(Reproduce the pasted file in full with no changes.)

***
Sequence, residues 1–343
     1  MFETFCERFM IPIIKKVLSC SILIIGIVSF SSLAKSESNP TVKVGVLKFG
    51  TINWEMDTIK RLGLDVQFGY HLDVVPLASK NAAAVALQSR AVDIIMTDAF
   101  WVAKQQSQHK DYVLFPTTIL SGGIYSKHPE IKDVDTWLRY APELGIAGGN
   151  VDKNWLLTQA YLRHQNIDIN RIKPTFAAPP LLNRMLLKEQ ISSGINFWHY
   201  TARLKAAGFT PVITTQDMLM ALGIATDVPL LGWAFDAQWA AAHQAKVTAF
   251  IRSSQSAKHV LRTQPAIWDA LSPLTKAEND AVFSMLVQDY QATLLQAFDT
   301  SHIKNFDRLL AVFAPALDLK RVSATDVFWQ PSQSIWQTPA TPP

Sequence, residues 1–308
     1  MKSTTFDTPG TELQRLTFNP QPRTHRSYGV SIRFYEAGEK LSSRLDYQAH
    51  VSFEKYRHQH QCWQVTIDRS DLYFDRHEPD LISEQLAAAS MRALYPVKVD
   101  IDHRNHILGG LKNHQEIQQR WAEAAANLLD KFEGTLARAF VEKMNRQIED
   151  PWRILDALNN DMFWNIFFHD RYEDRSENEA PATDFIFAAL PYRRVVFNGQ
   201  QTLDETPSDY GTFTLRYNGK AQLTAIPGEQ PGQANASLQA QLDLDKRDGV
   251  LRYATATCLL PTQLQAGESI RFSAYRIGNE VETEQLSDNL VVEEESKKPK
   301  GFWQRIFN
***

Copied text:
Sequence, residues 1–343
     1  MFETFCERFM IPIIKKVLSC SILIIGIVSF SSLAKSESNP TVKVGVLKFG
    51  TINWEMDTIK RLGLDVQFGY HLDVVPLASK NAAAVALQSR AVDIIMTDAF
   101  WVAKQQSQHK DYVLFPTTIL SGGIYSKHPE IKDVDTWLRY APELGIAGGN
   151  VDKNWLLTQA YLRHQNIDIN RIKPTFAAPP LLNRMLLKEQ ISSGINFWHY
   201  TARLKAAGFT PVITTQDMLM ALGIATDVPL LGWAFDAQWA AAHQAKVTAF
   251  IRSSQSAKHV LRTQPAIWDA LSPLTKAEND AVFSMLVQDY QATLLQAFDT
   301  SHIKNFDRLL AVFAPALDLK RVSATDVFWQ PSQSIWQTPA TPP

Sequence, residues 1–308
     1  MKSTTFDTPG TELQRLTFNP QPRTHRSYGV SIRFYEAGEK LSSRLDYQAH
    51  VSFEKYRHQH QCWQVTIDRS DLYFDRHEPD LISEQLAAAS MRALYPVKVD
   101  IDHRNHILGG LKNHQEIQQR WAEAAANLLD KFEGTLARAF VEKMNRQIED
   151  PWRILDALNN DMFWNIFFHD RYEDRSENEA PATDFIFAAL PYRRVVFNGQ
   201  QTLDETPSDY GTFTLRYNGK AQLTAIPGEQ PGQANASLQA QLDLDKRDGV
   251  LRYATATCLL PTQLQAGESI RFSAYRIGNE VETEQLSDNL VVEEESKKPK
   301  GFWQRIFN